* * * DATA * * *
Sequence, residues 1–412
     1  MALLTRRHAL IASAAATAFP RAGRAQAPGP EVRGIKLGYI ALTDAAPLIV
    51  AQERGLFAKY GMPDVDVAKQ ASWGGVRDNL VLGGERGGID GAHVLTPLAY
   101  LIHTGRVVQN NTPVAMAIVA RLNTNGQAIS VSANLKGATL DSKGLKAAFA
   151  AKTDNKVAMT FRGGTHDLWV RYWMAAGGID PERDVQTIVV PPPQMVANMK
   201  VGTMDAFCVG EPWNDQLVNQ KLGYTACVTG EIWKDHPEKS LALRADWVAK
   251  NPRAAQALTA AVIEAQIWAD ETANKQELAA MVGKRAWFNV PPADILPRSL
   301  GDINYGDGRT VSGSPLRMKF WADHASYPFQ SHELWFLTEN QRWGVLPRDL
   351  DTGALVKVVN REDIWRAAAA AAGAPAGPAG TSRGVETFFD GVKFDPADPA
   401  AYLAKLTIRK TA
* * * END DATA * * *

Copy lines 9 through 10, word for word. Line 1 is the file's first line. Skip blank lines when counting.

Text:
   351  DTGALVKVVN REDIWRAAAA AAGAPAGPAG TSRGVETFFD GVKFDPADPA
   401  AYLAKLTIRK TA